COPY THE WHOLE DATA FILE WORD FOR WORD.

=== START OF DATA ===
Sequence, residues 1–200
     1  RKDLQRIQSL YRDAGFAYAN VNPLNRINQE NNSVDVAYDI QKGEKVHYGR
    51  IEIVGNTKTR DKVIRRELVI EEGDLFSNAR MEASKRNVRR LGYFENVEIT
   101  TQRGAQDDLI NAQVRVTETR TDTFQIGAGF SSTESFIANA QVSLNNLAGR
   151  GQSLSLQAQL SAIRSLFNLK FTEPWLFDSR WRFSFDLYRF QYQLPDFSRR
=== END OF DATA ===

Sequence, residues 1–200
     1  RKDLQRIQSL YRDAGFAYAN VNPLNRINQE NNSVDVAYDI QKGEKVHYGR
    51  IEIVGNTKTR DKVIRRELVI EEGDLFSNAR MEASKRNVRR LGYFENVEIT
   101  TQRGAQDDLI NAQVRVTETR TDTFQIGAGF SSTESFIANA QVSLNNLAGR
   151  GQSLSLQAQL SAIRSLFNLK FTEPWLFDSR WRFSFDLYRF QYQLPDFSRR